“What the court told them on the first one …  is that if your claim is that cumulatively all of these projects infringe on your treaty rights … well, how is stopping this particular authorization solving your problem? Because the problem that you’re asking the court to address at trial is the cumulative effects of all these projects,” Rana said.

In other words: it’s particularly challenging to win an injunction in cases of cumulative effects. Further to that, getting an injunction against a project that’s already well under construction is an uphill battle.

“An injunction against a project that is in the build-out stage could be very difficult to secure,” Tollefson noted. “Even if you could secure it, the band would likely have to guarantee BC Hydro against any losses that it would incur if the challenge is unsuccessful.”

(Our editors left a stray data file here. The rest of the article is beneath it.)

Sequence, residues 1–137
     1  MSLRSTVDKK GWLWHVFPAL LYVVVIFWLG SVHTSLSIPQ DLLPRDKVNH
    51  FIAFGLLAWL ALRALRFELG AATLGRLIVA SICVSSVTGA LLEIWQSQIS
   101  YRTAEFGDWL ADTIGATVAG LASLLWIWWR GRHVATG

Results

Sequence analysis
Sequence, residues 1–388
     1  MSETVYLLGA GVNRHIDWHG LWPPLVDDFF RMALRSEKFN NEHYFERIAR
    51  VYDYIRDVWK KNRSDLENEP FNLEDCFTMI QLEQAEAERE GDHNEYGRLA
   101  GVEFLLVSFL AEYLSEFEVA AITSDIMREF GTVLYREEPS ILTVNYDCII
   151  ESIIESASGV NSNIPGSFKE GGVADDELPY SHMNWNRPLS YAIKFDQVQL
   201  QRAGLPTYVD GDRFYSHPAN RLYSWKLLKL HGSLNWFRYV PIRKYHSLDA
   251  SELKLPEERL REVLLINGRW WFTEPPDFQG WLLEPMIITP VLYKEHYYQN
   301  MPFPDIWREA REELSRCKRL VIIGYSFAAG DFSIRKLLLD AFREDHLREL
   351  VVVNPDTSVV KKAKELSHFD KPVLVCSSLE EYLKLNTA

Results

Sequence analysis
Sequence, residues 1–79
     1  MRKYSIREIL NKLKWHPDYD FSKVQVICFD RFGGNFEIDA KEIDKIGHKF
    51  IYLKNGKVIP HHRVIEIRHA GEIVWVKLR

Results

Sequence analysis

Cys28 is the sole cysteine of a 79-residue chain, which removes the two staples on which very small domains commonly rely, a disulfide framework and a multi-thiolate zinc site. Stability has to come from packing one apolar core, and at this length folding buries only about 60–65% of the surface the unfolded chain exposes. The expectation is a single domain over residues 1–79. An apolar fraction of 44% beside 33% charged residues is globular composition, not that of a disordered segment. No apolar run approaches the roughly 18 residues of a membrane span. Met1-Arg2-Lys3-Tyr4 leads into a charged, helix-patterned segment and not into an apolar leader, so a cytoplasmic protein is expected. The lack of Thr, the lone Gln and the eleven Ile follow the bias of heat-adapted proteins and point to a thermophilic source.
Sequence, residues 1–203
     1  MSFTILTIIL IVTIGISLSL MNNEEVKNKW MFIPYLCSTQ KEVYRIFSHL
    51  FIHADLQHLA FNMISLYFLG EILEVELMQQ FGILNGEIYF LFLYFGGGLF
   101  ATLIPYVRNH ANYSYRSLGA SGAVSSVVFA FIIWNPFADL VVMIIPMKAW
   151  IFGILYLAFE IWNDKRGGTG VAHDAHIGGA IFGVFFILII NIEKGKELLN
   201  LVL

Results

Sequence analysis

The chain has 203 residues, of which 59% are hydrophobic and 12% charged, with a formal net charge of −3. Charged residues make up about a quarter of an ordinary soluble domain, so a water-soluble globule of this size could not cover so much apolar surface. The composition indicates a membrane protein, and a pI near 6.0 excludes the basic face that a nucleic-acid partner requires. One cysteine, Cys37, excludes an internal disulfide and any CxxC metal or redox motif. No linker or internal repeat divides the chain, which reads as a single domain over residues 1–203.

West Moberly and Prophet River First Nations did seek an injunction against site preparation work on the dam in 2015. The court denied the injunction, saying there wasn’t evidence of “irreparable damage.”

If the nations were to file another injunction application before the cutting of old growth forest, for instance, they could win.

“If one had unlimited resources, they could simply keep filing injunction after injunction after injunction, but no one has unlimited resources, right?” Rana said.

The financial burden of having to challenge projects like this in court present a very real barrier to First Nations being able to defend their treaty rights.

Legal Fight Could ‘Financially Cripple’ First Nations